Charlene W. Compher, PhD, RD, CNSC, LDN, FADA, FASPEN
The limited ability to absorb nutrients from food challenges the quality of life of patients with severe gastrointestinal diseases and critical illness.
Through her clinical practice and research, Charlene W. Compher has improved quality of life for people with short bowel syndrome, Crohn’s disease, and critical illnesses.
“Working on research projects that have the potential to improve the quality of patients’ lives and participating in team science is exciting and inspiring.”
- PhD, Drexel University, 1999
- MS, Drexel University, 1982
- BS, University of Tennessee, 1970
As a clinician educator for the Clinical Nutrition Support Service at the Hospital of the University of Pennsylvania (HUP), Dr. Compher is the team leader for home parenteral nutrition. The Clinical Nutrition Support Service, comprised of dietitians, nurses, pharmacists, and physicians, is the oldest nutrition team in the U.S., providing evidence-based nutrition care to high-acuity hospital patients.
Dr. Compher’s students know that she understands the issues they’ll face in their clinical practice. She mentors undergraduate and doctoral students and involves students at all levels in her research. Dr. Compher teaches the capstone course for nutrition minors and case study in clinical nutrition.
Dr. Compher’s clinical work has been the inspiration for her research, including several clinical trials that contributed to the 2012 FDA approval of teduglutide, the first targeted therapy for short bowel syndrome to reduce intravenous nutrition for these patients. More recently, Dr. Compher and colleagues compared the effectiveness of exclusive enteral nutrition feeding, partial enteral nutrition, and biological therapy on Crohn’s disease in children. They found that exclusive enteral nutrition and biological therapy had similar effectiveness. Another study of critically ill patients found that higher protein intake was associated with improved survival and faster discharge.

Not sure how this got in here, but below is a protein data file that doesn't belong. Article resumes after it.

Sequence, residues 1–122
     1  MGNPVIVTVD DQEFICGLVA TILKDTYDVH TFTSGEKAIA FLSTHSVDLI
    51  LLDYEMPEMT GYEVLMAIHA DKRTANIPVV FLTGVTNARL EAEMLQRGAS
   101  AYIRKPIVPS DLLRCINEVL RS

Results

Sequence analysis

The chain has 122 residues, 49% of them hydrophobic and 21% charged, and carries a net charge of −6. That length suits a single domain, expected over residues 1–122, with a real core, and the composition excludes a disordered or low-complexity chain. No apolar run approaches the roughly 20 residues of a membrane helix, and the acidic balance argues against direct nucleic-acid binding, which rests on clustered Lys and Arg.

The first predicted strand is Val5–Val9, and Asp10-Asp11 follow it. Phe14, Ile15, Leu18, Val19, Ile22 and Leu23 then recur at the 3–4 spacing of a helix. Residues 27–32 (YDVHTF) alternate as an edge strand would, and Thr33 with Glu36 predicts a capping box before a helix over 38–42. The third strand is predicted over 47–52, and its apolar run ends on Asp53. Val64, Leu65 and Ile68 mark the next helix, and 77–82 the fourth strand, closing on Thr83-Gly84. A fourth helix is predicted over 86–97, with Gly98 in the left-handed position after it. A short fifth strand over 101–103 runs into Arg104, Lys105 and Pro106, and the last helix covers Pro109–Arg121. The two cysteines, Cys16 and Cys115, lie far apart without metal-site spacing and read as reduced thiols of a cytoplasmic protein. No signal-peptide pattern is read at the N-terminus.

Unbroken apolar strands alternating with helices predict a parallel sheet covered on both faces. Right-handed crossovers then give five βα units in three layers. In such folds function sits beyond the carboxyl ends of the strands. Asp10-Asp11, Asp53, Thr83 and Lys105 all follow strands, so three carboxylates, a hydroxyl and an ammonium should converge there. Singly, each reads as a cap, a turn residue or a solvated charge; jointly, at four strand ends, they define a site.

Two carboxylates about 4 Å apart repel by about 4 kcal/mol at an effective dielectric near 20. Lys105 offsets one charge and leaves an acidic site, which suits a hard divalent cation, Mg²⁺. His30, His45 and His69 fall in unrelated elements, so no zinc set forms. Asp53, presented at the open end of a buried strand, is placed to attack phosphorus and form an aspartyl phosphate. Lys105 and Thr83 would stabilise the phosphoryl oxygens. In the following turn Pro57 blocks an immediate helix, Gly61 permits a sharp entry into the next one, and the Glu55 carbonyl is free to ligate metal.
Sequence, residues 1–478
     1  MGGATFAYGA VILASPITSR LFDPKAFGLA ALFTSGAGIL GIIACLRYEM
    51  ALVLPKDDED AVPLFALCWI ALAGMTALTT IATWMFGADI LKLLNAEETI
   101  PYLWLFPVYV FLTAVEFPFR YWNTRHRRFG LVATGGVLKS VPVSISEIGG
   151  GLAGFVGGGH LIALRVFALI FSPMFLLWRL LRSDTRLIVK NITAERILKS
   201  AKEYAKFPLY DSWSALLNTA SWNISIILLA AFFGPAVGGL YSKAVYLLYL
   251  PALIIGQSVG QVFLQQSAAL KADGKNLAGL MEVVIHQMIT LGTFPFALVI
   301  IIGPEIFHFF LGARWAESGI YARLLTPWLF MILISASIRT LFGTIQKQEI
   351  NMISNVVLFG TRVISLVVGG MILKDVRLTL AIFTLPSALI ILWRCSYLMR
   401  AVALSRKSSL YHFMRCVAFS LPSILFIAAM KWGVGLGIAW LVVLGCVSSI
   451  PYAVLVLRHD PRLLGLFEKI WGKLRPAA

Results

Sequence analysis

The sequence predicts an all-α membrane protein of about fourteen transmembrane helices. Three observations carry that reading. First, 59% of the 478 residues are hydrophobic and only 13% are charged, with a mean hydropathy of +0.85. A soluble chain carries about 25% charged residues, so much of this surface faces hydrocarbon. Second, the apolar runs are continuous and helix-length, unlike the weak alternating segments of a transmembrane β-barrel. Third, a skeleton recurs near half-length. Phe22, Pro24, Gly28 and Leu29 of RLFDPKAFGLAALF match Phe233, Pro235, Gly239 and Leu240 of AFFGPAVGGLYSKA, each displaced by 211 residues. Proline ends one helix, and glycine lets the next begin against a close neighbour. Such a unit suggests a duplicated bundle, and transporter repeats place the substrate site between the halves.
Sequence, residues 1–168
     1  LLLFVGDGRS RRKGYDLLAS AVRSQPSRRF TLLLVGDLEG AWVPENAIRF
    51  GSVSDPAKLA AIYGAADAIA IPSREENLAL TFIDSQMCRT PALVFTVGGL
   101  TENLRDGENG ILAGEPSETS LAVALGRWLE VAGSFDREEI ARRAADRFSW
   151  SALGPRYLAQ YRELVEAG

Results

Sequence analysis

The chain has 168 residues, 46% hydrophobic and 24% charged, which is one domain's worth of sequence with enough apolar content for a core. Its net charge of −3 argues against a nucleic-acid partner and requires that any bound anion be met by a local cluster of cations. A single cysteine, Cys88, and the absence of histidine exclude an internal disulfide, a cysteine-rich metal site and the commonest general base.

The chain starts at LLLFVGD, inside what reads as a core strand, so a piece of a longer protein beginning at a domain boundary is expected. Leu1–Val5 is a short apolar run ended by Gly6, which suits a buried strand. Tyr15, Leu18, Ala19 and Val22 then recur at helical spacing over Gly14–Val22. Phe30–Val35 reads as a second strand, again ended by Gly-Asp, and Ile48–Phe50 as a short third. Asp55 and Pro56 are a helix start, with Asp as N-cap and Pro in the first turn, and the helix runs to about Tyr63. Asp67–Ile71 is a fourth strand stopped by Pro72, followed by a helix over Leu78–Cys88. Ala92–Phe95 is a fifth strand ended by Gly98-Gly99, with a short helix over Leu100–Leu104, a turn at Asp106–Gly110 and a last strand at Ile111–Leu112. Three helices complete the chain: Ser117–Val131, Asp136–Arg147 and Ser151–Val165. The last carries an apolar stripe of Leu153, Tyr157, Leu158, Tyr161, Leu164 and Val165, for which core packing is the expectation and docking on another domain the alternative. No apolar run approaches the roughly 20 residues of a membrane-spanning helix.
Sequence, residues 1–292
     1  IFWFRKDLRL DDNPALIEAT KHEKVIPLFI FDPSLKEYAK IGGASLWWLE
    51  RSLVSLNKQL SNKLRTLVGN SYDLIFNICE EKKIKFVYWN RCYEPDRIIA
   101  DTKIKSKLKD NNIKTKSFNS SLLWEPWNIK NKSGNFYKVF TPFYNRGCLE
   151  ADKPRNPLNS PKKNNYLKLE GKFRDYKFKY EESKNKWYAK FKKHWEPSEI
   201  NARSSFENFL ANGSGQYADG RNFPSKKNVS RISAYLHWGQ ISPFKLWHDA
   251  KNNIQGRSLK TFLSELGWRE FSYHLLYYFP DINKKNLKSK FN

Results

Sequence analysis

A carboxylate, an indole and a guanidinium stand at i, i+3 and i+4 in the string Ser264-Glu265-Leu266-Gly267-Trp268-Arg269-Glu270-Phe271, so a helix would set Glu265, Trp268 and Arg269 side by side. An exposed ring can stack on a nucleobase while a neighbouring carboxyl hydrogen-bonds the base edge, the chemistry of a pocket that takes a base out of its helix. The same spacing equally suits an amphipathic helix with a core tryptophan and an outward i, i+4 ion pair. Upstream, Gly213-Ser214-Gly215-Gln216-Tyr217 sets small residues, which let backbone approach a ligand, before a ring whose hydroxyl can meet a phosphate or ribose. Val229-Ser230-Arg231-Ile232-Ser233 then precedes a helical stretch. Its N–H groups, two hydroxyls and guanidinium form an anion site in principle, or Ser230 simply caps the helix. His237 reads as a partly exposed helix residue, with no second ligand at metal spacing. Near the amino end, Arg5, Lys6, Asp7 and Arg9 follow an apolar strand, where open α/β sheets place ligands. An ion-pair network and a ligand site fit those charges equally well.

Research on Gut Microbiome to Advance Nutrition Science
Much of Dr. Compher’s current research examines links between diet, the gut microbiome, and important clinical outcomes. Through a grant from the March of Dimes, she is collaborating with HUP’s Maternal Fetal Medicine Practice group to study differences in maternal diet and gut microbiome between women who have spontaneous pre-term births and women who carry to term. Dr. Compher also uses using large prospective databases to develop evidence for better decision-making about nutrition therapy for critically ill patients.
As editor of clinical guidelines for the American Society for Parenteral and Enteral Nutrition, Dr. Compher led teams that published 15 guidelines, including recent guidelines for the nutrition support in adult critically ill patients, a collaboration with the Society of Critical Care Medicine. These guidelines have been widely adopted in clinical practice and are posted on the Agency for Healthcare Research and Quality’s website. Dr. Compher is president of the American Society for Parenteral and Enteral Nutrition, a multi-profession society that seeks to lead the science and practice of clinical nutrition.
Opportunities to Learn and Collaborate at Penn Nursing
Dr. Compher is faculty director of the Nutrition Minor, a joint program of the School of Nursing and the School of Arts and Sciences, and the largest cross-school minor at Penn. Starting in September 2016, students with majors in nursing or arts and sciences will also be able to choose nutrition science as a second major.
Selected Career Highlights
- Nominee for Lindback Award for Distinguished Teaching, University of Pennsylvania, School of Nursing 2017-2018
- Fellow, American Society for Parenteral and Enteral Nutrition
- Excellence in Research Awards, American Society for Parenteral and Enteral Nutrition and Academy of Nutrition and Dietetics